Friday, December 18, 2009

Projection: 141 CPC, 88 LPC, 50 BQ, 29 NDP

So, a new projection. Only one seat change, but some significant indications of where the trends are headed.The Conservatives are now starting to show some fragility, and are down 0.1 points nationally. The Liberals continue to struggle, and are down 0.3 points and one seat. The NDP is doing better, up 0.1 points (to finally reach 16%) and one seat, while the Greens are up 0.2 points.

This puts the Conservatives at 141 seats, down two from their current standings. The Liberals are down to 88, still up from where they are right now in the House of Commons. The NDP is up to 29, but still down 8 from their current standing, while the Bloc is steady at 50 seats.

The last projection update showed some losses and gains for the Tories throughout the country, and this projection is no different. While this is nothing unexpected for any party, this does end the months of constant growth we saw since October. The biggest gain comes in Atlantic Canada, where the Conservatives are up 0.7 points to reach 32.3%. The party has also gained 0.4 points in the Prairies and is stable in Ontario. They've shown a tiny, 0.1 point loss in the North, and losses of 0.3 points and 0.4 points in Quebec and Alberta, respectively. The biggest loss comes in British Columbia, where the party is down 0.5 points. They're currently at 38.6% there.

The Liberals have also shown some ups and downs, but mostly downs. The biggest gain is in Alberta, 0.4 points, where the party is at 16.9%. They've also gained 0.2 points in British Columbia. They've lost 0.1 points in the North and 0.3 points in the Prairies. They're also down 0.4 points in Ontario and Quebec. The biggest loss is in Atlantic Canada, down 0.7 points to 36.2%.

The NDP is relatively stable throughout the country. They had their biggest gain in Atlantic Canada, 0.3 points, and currently stand at 25.0% in the region. They've also gained 0.2 points in British Columbia and 0.1 points in Ontario, Quebec, and the North. They are down 0.2 points in Alberta and the Prairies.

The Bloc had a good 10 days, and has gained 0.3 points in Quebec. They are currently at 37.7%.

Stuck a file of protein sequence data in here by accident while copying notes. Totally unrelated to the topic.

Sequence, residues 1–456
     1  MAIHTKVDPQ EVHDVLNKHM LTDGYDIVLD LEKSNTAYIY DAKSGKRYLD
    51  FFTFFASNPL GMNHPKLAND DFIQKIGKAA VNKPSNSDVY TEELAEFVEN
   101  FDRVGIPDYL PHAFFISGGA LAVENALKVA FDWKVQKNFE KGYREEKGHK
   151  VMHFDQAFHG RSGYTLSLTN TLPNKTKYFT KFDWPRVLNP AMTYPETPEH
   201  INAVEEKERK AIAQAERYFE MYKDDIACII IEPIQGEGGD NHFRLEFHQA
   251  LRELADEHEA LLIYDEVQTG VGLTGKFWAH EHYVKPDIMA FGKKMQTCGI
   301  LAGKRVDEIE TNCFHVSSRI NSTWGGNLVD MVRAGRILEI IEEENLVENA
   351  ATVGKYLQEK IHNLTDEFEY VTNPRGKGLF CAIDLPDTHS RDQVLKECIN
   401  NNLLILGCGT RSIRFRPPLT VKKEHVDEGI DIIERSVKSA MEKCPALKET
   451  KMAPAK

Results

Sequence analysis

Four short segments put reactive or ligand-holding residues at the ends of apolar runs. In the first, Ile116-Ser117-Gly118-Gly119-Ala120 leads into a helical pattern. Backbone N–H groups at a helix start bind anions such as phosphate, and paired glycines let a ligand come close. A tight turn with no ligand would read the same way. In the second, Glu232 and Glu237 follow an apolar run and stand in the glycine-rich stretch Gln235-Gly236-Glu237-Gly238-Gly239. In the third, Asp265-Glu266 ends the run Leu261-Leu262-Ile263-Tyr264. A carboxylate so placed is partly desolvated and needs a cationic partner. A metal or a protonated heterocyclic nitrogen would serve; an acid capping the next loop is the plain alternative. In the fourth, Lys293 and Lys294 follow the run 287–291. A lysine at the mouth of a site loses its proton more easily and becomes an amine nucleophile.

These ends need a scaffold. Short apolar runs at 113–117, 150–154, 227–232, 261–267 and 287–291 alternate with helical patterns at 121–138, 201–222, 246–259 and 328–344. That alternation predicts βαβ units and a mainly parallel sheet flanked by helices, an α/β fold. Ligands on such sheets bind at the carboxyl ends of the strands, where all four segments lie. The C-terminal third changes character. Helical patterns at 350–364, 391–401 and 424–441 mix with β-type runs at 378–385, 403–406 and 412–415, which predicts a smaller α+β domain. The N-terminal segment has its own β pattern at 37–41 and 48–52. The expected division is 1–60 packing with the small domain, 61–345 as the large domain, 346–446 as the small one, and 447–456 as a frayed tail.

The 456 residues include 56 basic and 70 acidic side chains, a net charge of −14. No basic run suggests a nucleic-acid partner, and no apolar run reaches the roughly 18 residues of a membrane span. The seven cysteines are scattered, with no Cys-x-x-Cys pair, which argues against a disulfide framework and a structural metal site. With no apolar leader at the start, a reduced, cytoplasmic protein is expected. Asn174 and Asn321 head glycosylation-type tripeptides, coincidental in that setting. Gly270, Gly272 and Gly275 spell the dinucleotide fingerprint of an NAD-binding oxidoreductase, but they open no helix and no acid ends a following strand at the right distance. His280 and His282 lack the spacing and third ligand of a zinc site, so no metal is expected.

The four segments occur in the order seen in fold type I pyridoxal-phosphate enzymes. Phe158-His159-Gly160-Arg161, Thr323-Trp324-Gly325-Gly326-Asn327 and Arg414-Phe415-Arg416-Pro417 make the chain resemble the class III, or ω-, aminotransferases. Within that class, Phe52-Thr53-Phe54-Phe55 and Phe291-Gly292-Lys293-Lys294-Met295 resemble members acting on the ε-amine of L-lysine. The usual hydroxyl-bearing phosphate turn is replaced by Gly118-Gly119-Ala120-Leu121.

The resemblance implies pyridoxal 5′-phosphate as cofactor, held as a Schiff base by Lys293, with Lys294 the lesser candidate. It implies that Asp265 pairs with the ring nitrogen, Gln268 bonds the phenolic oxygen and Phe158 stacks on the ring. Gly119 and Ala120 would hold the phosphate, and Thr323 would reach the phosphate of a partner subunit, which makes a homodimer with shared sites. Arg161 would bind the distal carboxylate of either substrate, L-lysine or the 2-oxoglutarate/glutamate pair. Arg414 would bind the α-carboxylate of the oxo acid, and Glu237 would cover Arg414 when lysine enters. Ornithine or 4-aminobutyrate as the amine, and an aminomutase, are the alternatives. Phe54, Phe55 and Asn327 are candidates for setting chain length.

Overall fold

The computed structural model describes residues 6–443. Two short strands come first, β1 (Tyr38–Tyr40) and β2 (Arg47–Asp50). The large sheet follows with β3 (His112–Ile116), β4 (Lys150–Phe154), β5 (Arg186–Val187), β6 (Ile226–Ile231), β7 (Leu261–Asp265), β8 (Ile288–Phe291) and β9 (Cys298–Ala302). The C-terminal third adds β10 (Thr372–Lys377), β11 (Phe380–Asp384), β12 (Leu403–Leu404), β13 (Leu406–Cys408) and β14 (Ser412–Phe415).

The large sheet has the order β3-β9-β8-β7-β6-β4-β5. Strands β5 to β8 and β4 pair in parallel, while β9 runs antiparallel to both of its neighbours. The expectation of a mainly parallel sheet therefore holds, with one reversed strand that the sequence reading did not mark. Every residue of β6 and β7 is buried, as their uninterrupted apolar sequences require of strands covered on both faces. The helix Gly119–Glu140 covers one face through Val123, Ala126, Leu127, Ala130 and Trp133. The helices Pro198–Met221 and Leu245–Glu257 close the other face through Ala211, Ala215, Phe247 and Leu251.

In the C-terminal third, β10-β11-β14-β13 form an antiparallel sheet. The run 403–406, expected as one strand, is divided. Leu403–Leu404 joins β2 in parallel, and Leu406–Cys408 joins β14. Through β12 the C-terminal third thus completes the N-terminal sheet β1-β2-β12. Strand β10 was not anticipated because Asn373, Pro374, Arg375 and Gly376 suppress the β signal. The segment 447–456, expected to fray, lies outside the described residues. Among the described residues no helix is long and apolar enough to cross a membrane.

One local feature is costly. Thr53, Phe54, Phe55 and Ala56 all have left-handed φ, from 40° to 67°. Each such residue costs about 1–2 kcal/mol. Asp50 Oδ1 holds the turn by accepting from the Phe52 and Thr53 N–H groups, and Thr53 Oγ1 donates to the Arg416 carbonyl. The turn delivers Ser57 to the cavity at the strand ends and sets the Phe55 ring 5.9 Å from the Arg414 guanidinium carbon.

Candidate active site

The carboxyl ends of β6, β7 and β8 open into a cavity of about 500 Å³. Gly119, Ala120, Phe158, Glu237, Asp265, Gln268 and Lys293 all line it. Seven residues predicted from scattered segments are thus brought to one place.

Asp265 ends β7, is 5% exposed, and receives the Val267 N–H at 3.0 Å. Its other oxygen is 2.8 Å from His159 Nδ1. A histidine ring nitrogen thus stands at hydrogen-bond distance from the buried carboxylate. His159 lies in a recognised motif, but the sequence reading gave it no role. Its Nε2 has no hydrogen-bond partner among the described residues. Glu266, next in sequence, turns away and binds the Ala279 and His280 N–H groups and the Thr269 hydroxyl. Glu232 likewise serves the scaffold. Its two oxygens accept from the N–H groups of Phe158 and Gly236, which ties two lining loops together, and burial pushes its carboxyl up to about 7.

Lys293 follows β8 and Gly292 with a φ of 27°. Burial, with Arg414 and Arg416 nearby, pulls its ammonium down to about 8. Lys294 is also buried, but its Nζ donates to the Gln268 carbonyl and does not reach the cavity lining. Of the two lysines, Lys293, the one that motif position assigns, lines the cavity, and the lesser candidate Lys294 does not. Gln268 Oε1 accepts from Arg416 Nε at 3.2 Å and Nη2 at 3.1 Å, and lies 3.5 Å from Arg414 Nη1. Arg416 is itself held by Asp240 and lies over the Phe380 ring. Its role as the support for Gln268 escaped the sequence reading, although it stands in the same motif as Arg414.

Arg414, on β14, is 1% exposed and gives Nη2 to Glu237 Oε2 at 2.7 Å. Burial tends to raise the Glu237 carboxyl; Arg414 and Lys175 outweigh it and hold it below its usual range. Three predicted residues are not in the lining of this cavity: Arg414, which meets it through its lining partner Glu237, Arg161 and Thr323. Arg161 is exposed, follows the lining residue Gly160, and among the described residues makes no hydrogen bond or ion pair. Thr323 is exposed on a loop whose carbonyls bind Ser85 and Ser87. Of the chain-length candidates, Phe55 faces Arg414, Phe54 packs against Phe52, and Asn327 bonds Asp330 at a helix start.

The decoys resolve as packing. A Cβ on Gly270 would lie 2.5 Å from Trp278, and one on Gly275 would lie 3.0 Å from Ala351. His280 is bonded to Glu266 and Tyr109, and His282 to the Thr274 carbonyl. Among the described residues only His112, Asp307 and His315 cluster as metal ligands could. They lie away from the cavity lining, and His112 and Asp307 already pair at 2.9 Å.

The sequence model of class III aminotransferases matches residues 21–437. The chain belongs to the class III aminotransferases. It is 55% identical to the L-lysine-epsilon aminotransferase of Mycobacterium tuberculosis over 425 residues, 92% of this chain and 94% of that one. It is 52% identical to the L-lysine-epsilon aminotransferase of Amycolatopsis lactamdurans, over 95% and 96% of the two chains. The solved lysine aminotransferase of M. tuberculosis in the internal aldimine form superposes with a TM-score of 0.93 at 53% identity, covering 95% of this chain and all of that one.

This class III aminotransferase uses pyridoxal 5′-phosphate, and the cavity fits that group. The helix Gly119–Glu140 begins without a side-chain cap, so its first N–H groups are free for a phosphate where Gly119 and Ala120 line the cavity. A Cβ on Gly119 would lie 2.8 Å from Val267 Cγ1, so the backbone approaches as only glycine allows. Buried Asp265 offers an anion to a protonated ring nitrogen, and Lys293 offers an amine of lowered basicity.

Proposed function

The Greens' biggest gains were in Quebec and Alberta, 0.4 points each, while they did not post a loss anywhere.

So, this updates demonstrates some of the things we've been seeing in recent polls. The Conservatives are starting to slip a little, and their constant growth in the projection has ended. The Liberals are still weak, but their massive loses in the projection have ended. The NDP is stabilising and posting modest growth, while the Bloc is steady.

If there are any other polls over the holidays, I'll make some projection updates. But EKOS has already said they are done until January, so this could be the last projection of the year.


  1. This is excellent news for the Conservatives.

  2. Thanks Eric! Good work.

  3. "Fake Jesse"? Oh dear...

    Interesting numbers, though. Where did the NDP knick that seat from, Eric? Atlantic Canada?

  4. I think the NDP seat came from Ontario. Which is good, because they seem to be doing fairly well everywhere else, but they've seriously dropped in Ontario compared to 2008. Not sure what's causing that.

  5. The NDP always seems to get mediocre polling numbers in Ontario and then makes up for it during the campaign. All through 2007 and early 2008 the NDP was often doing worse in the polls in ontario than it is now (ie: low teens) and then came the campaign and they got over 18% and 17 seats - by far the best seat haul ever!

  6. Know whats odd about that DL; the 18% number for the NDP in 2008 was lower than what they got in 2006, and on par with what they got in 2004. Yet they got many, many more seats than both '06 and '04.

    'Tis odd.

  7. The Liberal vote in Ontario fell from 44% in 2004 to 33% in 2008 and that made all the difference. Also, the NDP has been getting better and better and targeting seats.

  8. --- "Interesting numbers, though. Where did the NDP knick that seat from, Eric? Atlantic Canada?"

    Ontario, sorry. I forgot to mention it.

  9. The NDP won a lot of its seats in Ontario by narrow margins last time. If the current pattern holds, they look likely to lose Sault-Ste-Marie, Sudbury and Welland. On the flip side, there's next to no seats in Ontario that they lost by narrow margins last time, so they've got very little growth potential there.

  10. I wouldn't say that the NDP won "a lot" of its seats by narrow margins - in fact some seats they won by narrow margins in '06 that were supposed to be close like London-Fanshawe, Hamilton East-Stony Creek, Hamilton Mountain and Ottawa Centre were won by really big margins - and some seats that were won for the first time in northern Ontario were won by very wide margins as well. Welland was nly won by 300 votes and I don't know how much of a following Malcolm Allen has built up as the incumbent. The Soo is always close though it alternates as to who the main opponent is and Sudbury wasn't actually all that close with a margin of over 2,000 votes. Looking purely at the 2008 results - on paper the lowest hanging fruit for the NDP in Ontario would be Parkdale-High Park, Beaches-East York and Oshawa. But its probab ly safe to say that unless the NDP vote in Ontario get out of the 18-19% range into the 22-23% range - they are almost maxxed out in terms of Ontario seats.

  11. J. Kenneth Yurchuk22 December, 2009 07:31

    Nanos tweets that he will be releasing new numbers this week.

    No rest for the wicked, Eric.


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